If you’re a consumer of pretty much anything, your life is filled with boxes: opening boxes, emptying boxes, breaking down boxes, stacking boxes, recycling boxes, and then waking up and doing it all over again.
If you’re a consumer of beauty products, multiply that by the unwinding of bubble wrap, the flinging of tissue paper, the peeling of cellophane, the unfolding of thick cartons with their whispery A.S.M.R. crunch. If you’ve paid a lot of money for that product, then it might be packaged like a Russian nesting doll, a box within a box within a sleeve. Inside, the jar sits on a little pedestal, like a prize, a special jewel for your face.
There’s probably a miniature plastic lid on top of the cream to keep it snugly in place. And look, a stubby paintbrush to apply the mask, a tiny spatula to scoop out the cream, a sweet metal saucer on which to place the jar next to your sink. How luxurious! How indulgent! How irresistible!
I am not immune to the seduction of beauty packaging. I love the weight of an overpriced jar, the satisfying click of a pricey compact, the snap as the top of a magnetic lipstick tube slides toward its base. There’s a Christmas-morning feeling whenever the Sephora delivery arrives, and I don’t hate that. But still, it’s much too much.
I’m here to tell you, repentance isn’t easy. You might think, Hey, I’ll buy clean beauty! But nearly every beauty product calls itself clean, because there’s no regulation defining the term.
Recycling sounds like the least you could do, except that many skin-care and makeup containers are made of mixed materials or are too small to be recycled, according to Mia Davis, vice president of sustainability and impact at Credo Beauty, the clean-beauty retailer. “The vast majority of beauty packaging is not recyclable.”
“I am a big fan of doing what you can with what you have.... I also don’t think tiny incremental changes are enough,” says Davis. “It’s not that easy.” Her simple advice, for now, is to “choose packaging that’s refillable, reusable, or at least recyclable when you can.” In other words, be less bad.
Refillable products are one route, and companies are coming up with new ones seemingly every other minute. Fenty Beauty by Rihanna, Charlotte Tilbury, Hermès, Givenchy, Hourglass, Milk Makeup, and La Bouche Rouge now all offer at least a few pieces of makeup in refillable containers, and more are coming this year.
There’s a Christmas-morning feeling whenever the Sephora delivery arrives, and I don’t hate that. But still, it’s much too much.
Kjaer Weis is a leader in refillable makeup, with blush, foundation, mascara, lipstick, and lip gloss in handsome cases. Even though it seems as if only the most devoted consumers would exert the effort to refill blush or lipstick containers, their numbers are growing steadily, according to one expert.
“If you’re thoughtful, every little step moves you closer to a system that’s more sustainable,” says Victor Casale, the original chemist at MAC Cosmetics when it launched, in 1985. Casale started taking small steps long ago when most people didn’t think twice about plastic. For instance, with MAC, he pushed to abolish sponge-tipped applicators from eye-shadow palettes and started a recycling program. In the early days, he had to rip out the compacts’ unrecyclable mirrors by hand.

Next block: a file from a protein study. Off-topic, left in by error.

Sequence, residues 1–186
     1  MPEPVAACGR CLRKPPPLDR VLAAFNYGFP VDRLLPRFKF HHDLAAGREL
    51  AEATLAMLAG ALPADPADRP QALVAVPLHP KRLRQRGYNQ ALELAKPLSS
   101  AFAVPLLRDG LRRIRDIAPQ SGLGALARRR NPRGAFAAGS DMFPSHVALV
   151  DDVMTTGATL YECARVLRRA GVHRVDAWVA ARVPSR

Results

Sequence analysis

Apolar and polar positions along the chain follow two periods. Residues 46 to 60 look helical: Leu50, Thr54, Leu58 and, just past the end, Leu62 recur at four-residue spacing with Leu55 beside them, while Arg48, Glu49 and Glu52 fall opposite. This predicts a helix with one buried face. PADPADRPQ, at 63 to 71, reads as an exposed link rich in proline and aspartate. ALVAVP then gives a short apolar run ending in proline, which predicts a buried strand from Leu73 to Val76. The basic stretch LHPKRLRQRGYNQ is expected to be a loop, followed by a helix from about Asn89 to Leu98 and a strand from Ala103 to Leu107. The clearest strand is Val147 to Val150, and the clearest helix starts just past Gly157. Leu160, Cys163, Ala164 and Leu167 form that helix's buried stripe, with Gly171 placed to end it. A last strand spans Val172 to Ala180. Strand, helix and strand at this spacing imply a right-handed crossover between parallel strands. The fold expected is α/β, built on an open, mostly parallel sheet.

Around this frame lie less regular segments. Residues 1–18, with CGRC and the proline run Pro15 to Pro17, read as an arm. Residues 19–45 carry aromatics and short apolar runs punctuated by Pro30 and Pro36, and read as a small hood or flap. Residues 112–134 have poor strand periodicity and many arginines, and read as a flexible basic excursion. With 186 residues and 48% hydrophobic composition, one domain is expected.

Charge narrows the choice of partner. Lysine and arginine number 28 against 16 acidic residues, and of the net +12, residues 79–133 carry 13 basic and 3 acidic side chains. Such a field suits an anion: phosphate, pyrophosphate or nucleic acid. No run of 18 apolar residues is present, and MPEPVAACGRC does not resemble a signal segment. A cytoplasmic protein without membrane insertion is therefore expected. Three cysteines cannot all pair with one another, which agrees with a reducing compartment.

Casale recently co-founded Mob Beauty, a line of entirely refillable makeup made of 50 percent post-consumer recycled material. Together, he and Davis started the Pact Collective, a nonprofit group that collects difficult-to-recycle beauty packages in order to keep them from diverting to landfills. It also educates the industry about packaging solutions so other makeup companies, especially ones with small budgets, can make better choices.
The big, global beauty powerhouses have pledged to reduce plastic waste and switch to more sustainable packaging by 2025. And that’s excellent. But regular people are getting antsy, and many want to do something now.
That might start by reconsidering the whole notion of what constitutes a beautiful package. Rather than the shiny, heavy, elaborate excess, a sense of elegance could come from a reverence for non-metallic simplicity. Casale is a bit more impassioned than that, saying, “We should be embarrassed to hold up a lipstick made of five different materials that can’t be recycled.”
It also might mean a larger shift in behavior from acquisitiveness to discernment. “We cannot recycle our way out of our lifestyle,” he says.
“Our society doesn’t value things for as long as they used to,” says Casale. At MAC, he created products he hoped would have a life span of 10 to 15 years. Now, says Casale, “after 16 months, the customer says, ‘What’s next?’” The result is a sense of impermanence and impatience, along with an enormous amount of waste.
Coco Chanel once said, “Elegance is refusal.” Mies van der Rohe applied “Less is more” to architecture. In so many ways, they were ahead of their time.
Linda Wells spent 25 years as Allure magazine’s founding editor in chief, served as Revlon’s chief creative officer, and currently consults and sits on the boards of several beauty and apparel companies